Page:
The restrained vision of the federal judiciary that has dominated the jurisprudence of right-leaning American legal theorists and lawyers is under fire.
The Constitution has launched hundreds of debates about its meaning. But before these disputes can be settled an underlying clash of visions about the nature of its very language requires resolution. One view holds that the Constitution is written in ordinary language and is thus fully accessible to anyone with knowledge of the English language. The other, in contrast, is that the Constitution is written, like many other documents with legal force, in the language of the law.
The ordinary language view is often assumed both by the Supreme Court and scholars. But in a new paper Mike Rappaport and I show that the better view is that the Constitution is written in the language of law and that this has important implications for constitutional interpretation. Surprisingly, no one has ever considered how to determine whether the Constitution is written in the language of the law or in ordinary language.
We describe the factors to determine whether Constitution is written in the language of the law. The language is key and the paper for the first time catalogues all the technical terms in the original document. We show that the number of legal terms in the Constitution is much larger than most people recognize and probably numbers about one hundred! We also show that the legal language the Constitution presupposes go beyond mere technical terms but encompasses legal interpretive rules, because the Constitution’s text both blocks the operation of certain legal interpretive rules and calls for the application of other such rules. Finally, the judges and legislators charged with implementing the Constitution in the early Republic frequently deployed legal interpretive rules to resolve contested issues.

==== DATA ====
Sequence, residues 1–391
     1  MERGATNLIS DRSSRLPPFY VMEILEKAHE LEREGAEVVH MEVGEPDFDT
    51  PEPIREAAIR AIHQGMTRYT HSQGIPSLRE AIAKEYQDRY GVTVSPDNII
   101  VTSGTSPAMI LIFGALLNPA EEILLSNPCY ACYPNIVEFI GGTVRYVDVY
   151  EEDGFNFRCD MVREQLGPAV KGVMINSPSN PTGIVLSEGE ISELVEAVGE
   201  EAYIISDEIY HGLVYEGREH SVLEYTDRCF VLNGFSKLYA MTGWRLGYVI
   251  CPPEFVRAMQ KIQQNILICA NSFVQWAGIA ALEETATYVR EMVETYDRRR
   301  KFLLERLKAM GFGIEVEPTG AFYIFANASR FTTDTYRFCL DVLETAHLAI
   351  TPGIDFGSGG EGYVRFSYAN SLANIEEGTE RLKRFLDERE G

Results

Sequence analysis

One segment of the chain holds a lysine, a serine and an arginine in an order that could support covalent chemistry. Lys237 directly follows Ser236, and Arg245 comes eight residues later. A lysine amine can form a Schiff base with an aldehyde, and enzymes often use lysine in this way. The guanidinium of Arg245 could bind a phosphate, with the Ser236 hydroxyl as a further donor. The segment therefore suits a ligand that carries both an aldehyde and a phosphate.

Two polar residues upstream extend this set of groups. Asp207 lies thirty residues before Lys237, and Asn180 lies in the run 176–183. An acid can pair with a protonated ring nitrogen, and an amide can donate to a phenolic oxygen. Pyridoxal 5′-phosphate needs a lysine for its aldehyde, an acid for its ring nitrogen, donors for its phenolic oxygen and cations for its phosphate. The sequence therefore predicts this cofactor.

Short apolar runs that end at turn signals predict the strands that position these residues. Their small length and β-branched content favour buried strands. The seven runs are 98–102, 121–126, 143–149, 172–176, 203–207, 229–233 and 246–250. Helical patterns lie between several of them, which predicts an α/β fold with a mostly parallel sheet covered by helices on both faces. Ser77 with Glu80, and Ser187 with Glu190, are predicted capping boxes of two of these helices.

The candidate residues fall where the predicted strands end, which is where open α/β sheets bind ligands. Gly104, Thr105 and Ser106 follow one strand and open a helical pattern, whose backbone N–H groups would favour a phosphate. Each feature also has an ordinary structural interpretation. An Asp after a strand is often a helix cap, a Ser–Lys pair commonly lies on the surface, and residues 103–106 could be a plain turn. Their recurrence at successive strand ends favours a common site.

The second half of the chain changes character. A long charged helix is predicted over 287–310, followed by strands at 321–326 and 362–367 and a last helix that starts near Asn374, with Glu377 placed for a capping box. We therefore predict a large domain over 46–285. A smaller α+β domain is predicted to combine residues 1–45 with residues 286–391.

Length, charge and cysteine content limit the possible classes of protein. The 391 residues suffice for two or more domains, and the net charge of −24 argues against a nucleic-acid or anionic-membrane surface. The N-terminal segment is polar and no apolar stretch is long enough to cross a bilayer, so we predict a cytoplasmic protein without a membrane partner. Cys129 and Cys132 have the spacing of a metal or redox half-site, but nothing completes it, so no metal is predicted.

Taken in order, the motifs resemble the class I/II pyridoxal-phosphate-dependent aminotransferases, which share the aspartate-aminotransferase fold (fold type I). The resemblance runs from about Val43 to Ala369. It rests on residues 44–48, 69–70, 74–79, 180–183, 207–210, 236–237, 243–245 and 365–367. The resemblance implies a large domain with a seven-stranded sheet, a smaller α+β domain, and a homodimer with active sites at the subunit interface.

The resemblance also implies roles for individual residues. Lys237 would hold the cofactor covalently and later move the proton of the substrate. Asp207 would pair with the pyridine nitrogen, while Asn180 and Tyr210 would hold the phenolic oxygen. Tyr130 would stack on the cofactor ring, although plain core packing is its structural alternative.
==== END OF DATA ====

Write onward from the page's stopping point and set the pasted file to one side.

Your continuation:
The Constitution’s legal language has important theoretical and practical significance. Theoretically, it shows that that original methods originalism is the correct form of originalism, because the Constitution’s legal interpretive rules are crucial to cashing out its meaning. Practically, the richness of its idiom provides resources to address otherwise unresolvable interpretive questions. It also tells us where to find this richness— in the legal meanings and interpretive rules that were deemed applicable at the time. The Constitution was not created ex nihilo and its language of the law brings centuries of tradition and refinement along with it.
An abstract and copy of the paper can be found here.